Drawing on new material from private collectionsincluding diaries, letters, and Wyatt Earps own hand-drawn sketch of the shootouts conclusionas well as archival research, Jeff Guinn gives us a startlingly different and far more fascinating picture of what actually happened that day in Tombstone and why.
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With at least three full length movies about the "Gun Fight at the OK Corrall", a book setting out the historical facts is long overdue. In particular, what happened after the gun fight? Did all the survivors jus' ride off into the sunset? Hardly. Jeff Guinn provides the whole story in extremely readable prose that has the ring of truth about it. Very Highly Recommended.
Likewise, the subtitle promises more than the book actually delivers. "The real Story of the Shootout at the O.K. Corral - And How It Changed the American West," is stretching things. The second half of the subtitle - the changing of the American West because of the street fight - is hardly explored in the text itself. And despite some references to how the story was playing out on the national scene via contemporaneous newspapers, the reader never really gets a complete feel that the events in Tombstone in 1881 really caused much of a ripple on the larger national stage.
While discussing the shortcomings of the book, let me just add the following: the psychological dynamic of one of the most interesting and intriguing friendships in all of American History - that of Wyatt Earp and Doc Holliday - is not explored all that deeply within the pages of Guinn's book. And it suffers some because of it. The O.K. Corral gunfight was largely immediately due to Ike Clanton's drunken motor-mouth. But if Wyatt Earp and Doc Holliday had not become brothers-in-spirit, one wonders if events would have taken the turn they eventually did. Wyatt was a master of the art of pistol-whipping his opponants rather than out-and-out killing them - whereas the deadly, death-embracing dentist - a rather physically frail gentleman - used his gun (or sometimes knife) in lieu of his dubious muscle. When in the company of dangerous men, one is liable to become even that much more dangerous himself. I think Doc's walking the walk with the Earps had much more to do with the way things turned out than is explored herein.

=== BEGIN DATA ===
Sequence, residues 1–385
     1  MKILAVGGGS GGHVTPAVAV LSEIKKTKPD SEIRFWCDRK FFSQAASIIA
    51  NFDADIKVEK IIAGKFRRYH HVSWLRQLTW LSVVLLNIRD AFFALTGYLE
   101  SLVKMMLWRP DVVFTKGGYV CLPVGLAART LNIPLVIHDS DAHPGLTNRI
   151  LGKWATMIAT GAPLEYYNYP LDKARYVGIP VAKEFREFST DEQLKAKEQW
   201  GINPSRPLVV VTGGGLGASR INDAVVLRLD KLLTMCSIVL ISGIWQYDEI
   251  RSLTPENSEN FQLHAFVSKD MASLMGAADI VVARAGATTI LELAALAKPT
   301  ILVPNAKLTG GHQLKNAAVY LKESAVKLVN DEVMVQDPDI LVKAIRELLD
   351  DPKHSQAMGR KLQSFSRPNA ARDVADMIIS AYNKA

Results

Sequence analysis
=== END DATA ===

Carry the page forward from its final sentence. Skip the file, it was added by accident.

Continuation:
When reading the book, and coming across mention of Wells Fargo several times, I was almost ready to google the name as I was curious as to its origins. But Guinn does, indeed, eventully explain where the name came from. So I was saved a trip to the PC. But I did have to google the meaning of "O.K." and found a highly interesting wikipedia page about the origins of the word and its initialized form. I only wish that this had been included in Guinn's book instead - as he took the time to inform us readers as to the meaning of Wells Faro.
I have noticed that many current historical books have illustrations that seem more thrown together last-minute than carefully considered. Such is the case with this book's pictorial section. The selected photos and maps are O.K. at best - every pun intended. But there are better photos available that, had they been used, would have only enriched the book. There is a nice map of Tombstone as it was in 1881 with locations of key events highlighted. A map or diagram or two detailing the path the Earps and Doc took on that fateful October day to their fiery encounter with the "Cowboys" would have been welcomed - as would a schematic detailing the placement of the key figures on the chaotic chessboard during the battle and afterwards. Speaking of chess, Guinn compares the interconnectedness of the events under examination herein to the action of "dominoes" a few times in his book. Each time I read about "dominoes" I cringed. The notion is much too banal and trite and obvious to have been actually included in the text as though it were some key and novel insight regarding the inevitability of events. If I were the author I would delete all mention of dominoes from a second edition. Guinn is better than that.